Saying that mass curves space-time is wrong, as "mass" means "invariant mass". To give the usual URL (which Pete has seen once or twice before)
That is an illogical claim since you've chosen a definition for the term "mass" and then claimed that when people don't use the term as you have chosen to use it then they are wrong.

What you've claimed here is inconsistent with the way people use the term in the real world, i.e. what a person means when they write E = mc2 (see link to examples above). It is rest mass that is invariant. Why did you neglect to make this clarification?
http://math.ucr.edu/home/baez/physics/Relativity/SR/mass.html
http://math.ucr.edu/home/baez/physics/Relativity/SR/mass.htm [Broken]
That is one personal opinion of the person who wrote that page. Nothing more.

One thing that the page refers to is a quote by Lev Okun where he refers to a comment by Einstein who seems to be saying that E does not equal m2. What Einstein actually did is different. Einstein sometimes used "mass" to refer to rest mass and sometimes to refer to what you've called "relativistic mass" which is m = gamma*m0. One example is where he explains that light has mass (in his book "The Evolution of Physics") and in his book The Meaning of Relativity where he refers to the changing of the inertial mass of a particle when it is in a gravitational field. Lev Okun didn't look in that portion of the book. He only looked in the first portion (I pointed this out to him and he explained to me that he didn't see it when he wrote his articles on mass).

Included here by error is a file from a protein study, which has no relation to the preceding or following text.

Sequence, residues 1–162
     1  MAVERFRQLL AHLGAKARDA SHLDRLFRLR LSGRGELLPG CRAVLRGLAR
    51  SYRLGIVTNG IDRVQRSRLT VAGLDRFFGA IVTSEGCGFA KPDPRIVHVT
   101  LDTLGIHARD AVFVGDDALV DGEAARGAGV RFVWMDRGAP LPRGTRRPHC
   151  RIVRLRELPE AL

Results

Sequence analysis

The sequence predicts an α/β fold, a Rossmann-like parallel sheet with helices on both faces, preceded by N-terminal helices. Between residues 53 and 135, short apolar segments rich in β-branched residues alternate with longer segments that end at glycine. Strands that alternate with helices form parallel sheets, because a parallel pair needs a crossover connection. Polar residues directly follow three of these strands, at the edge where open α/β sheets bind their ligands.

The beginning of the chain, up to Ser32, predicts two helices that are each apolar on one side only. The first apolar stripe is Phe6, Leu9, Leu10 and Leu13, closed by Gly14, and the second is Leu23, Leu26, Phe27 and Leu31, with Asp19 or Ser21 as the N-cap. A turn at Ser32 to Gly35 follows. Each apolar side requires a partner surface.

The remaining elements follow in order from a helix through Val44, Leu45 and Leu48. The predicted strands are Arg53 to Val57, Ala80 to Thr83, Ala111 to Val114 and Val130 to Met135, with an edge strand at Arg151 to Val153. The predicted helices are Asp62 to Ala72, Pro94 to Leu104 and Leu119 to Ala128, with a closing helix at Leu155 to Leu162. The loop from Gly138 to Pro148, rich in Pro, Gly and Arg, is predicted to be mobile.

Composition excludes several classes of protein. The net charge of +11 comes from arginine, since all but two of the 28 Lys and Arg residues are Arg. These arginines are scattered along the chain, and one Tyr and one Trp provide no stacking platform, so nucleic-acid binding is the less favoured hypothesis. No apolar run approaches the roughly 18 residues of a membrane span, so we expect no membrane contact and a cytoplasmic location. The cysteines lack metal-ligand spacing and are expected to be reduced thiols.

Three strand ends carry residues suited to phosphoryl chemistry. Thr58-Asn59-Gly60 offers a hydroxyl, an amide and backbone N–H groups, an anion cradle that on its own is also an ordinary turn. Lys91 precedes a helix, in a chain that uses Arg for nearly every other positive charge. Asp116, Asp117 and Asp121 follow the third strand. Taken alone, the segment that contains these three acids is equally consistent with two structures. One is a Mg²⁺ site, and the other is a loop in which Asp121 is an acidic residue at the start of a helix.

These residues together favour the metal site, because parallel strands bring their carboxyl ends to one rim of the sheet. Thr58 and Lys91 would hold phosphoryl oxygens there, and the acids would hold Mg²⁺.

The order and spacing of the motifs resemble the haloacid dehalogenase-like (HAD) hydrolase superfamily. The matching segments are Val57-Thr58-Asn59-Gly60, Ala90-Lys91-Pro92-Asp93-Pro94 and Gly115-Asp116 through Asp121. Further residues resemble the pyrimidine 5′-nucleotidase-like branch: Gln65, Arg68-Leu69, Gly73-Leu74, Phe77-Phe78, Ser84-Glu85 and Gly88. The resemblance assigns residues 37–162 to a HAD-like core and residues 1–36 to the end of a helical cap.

The person who wrote that comment "These days, when physicists talk about mass in their research, they always mean invariant mass." is clearly missleading the reader since advanced cosmology texts don't adhere to that definition. The author is a particle physicist as I recall. He doesn't know how the term is being used in GR and cosmology.

When my back and leg is better and I'm able to travel more I'll see if I can dig some examples up in the GR/SR/Physics journals.

The lack of paying attention to the exact meaning of what mass is can lead to serious errors. Therefore one should understand exactly what they are reading. That is regardless of what term they choose to use in their own life. Griffiths wrote an article on mass renormalization in the American Journal of Physics. His lack of understanding of how mass is defined and the little subtleties that go along with it led him to an invalid conclusion.

People here often claim that mass-energy is not the source of gravity and that mass-energy, stress and momentum is. What they neglect to say is that even the inertial mass of an object, even in SR, is a function of the stress in an object. Even to completely describe a body in SR one must therefore use the energy-momentum tensor and not simply use it only in GR as the source of gravity.